“Use in Commerce”. While the commerce clause of the US Constitution has been broadly interpreted in other legal areas so as to cover virtually any activity, the USPTO and trademark case law have demanded a stricter test. The Lanham Act defines “commerce” as “all commerce which may lawfully be regulated by Congress.”39 Nonetheless, it remains the law that purely intrastate uses of trademarks and service marks will not entitle them to federal registration. The Applicant must demonstrate some connection to commerce between at least two states, or commerce between any of them and a foreign country.
In conjunction with filing either an application for registration on an actual-use basis, or later filing a Statement of Use in an intent-to-use application, the Applicant has to furnish to the USPTO (1) a date of first use of the mark in connection with the goods and services, and (2) a date of first use of the mark “in commerce” with such goods and services.40 These dates do not have to be the same. For a trademark, the date of first use will be no later than the first time the product was transferred to a customer, such as a first ship date. The date of first use “in commerce” can be the first to happen of (a) the purchase of the product by an out of state or foreign customer, even where the purchase was made locally, or (b) the shipment of a product out of state or to a foreign country. But a shipment of goods from an out-of-state manufacturer to the trademark owner (for eventual redistribution to the owner’s customers) is not “use in commerce”.41
Relative to a service mark, for a date of first use to occur, the service must actually have been rendered to a customer; mere advertisement of the service isn’t enough.42 A date of first use “in commerce” may occur if (a) the service is rendered across state lines or between the US and a foreign country, as might happen if a customer in another state remotely accesses the applicant’s server in the course of rendering the service; or (b) the service is rendered in each of at least two states; or (c) if the service is rendered locally to a customer whose residence is in another state.43 This last method can be used by local businesses, such as physicians and restaurants, if they can ascertain, as by reviewing billing records or credit card receipts, that a portion of their clientele has out of state residences. It even suffices if the service was rendered in a foreign country to US customers.44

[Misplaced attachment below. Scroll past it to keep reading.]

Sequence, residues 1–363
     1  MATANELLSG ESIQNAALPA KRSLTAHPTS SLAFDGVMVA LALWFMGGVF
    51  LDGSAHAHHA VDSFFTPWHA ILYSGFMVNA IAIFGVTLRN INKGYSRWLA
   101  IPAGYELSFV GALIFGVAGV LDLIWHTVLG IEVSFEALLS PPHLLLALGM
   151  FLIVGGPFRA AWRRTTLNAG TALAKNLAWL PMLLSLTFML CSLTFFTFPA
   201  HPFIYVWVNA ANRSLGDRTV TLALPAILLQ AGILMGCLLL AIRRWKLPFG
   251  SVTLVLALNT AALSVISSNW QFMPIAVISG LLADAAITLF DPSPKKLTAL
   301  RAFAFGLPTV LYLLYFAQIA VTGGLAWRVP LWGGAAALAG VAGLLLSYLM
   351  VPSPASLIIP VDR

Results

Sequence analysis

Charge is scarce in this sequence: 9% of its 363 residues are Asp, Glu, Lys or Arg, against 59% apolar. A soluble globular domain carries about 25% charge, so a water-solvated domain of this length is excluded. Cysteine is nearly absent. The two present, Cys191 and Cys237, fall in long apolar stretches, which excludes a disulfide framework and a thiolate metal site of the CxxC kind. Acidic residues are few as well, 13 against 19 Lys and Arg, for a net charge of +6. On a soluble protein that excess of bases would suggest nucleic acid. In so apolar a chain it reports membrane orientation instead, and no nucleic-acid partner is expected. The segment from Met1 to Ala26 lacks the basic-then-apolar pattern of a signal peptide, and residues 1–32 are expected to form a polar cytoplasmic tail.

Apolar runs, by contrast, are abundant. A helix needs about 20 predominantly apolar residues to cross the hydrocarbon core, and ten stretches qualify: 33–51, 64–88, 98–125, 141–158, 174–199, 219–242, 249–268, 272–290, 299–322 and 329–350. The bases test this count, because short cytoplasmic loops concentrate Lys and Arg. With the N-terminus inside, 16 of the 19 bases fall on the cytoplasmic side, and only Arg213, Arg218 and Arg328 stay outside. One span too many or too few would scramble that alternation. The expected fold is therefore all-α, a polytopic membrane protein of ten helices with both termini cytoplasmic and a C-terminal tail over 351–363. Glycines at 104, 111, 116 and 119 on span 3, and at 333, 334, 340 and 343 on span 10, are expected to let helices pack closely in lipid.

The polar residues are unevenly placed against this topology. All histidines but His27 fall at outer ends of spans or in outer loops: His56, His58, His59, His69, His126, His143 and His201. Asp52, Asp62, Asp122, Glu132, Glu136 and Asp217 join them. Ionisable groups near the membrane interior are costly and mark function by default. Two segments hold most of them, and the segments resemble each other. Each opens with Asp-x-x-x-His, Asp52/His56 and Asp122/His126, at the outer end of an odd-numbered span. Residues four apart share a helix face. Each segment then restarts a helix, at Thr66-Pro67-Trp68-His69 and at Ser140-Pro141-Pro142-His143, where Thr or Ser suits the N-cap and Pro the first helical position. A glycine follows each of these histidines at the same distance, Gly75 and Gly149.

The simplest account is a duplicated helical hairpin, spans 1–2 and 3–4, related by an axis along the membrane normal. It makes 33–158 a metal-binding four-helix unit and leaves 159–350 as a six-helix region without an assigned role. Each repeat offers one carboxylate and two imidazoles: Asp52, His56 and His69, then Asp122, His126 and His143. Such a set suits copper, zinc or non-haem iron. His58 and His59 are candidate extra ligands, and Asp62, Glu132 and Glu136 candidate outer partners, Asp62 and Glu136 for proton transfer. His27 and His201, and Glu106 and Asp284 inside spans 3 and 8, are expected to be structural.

Conclusion. The way businesses use marks in today’s economy continues to expand. Enacted in 1946, the Federal Trademark Act has not really kept up with the changes, even though it has been amended twice and has been liberally interpreted on numerous occasions. But federal registration of a client’s mark nonetheless confers powerful benefits.
1. The US Patent and Trademark Office also grants registrations for certification marks and collective marks, but these are less common and are outside the scope of this article.
2. J. Thomas McCarthy, McCarthy on Trademarks and Unfair Competition, 4th Ed. (hereinafter: “McCarthy”) § 19:1.25.
3. Title 15, U.S.C.
4. 15 U.S.C. § 1127.
5. Trademark Manual of Examining Procedure (hereinafter, TMEP) § 904.03(b) (April 2014).
7. 37 C.F.R. §§2.190(a), 2.195(a), 2.195(a)(2).
8. In re Marriott Corp., 459 F.2d 525, 527, 173 U.S.P.Q. 799 (C.C.P.A. 1972).
9. TMEP § 904.03(g).
10. In re Castleton China, 156 U.S.P.Q. 691 (T.T.A.B. 1968).
11. In re Mautz Paint & Varnish Co., 157 U.S.P.Q. 637 (T.T.A.B. 1968)
12. In re Shipley Co., 230 U.S.P.Q. 691 (T.T.A.B. 1986).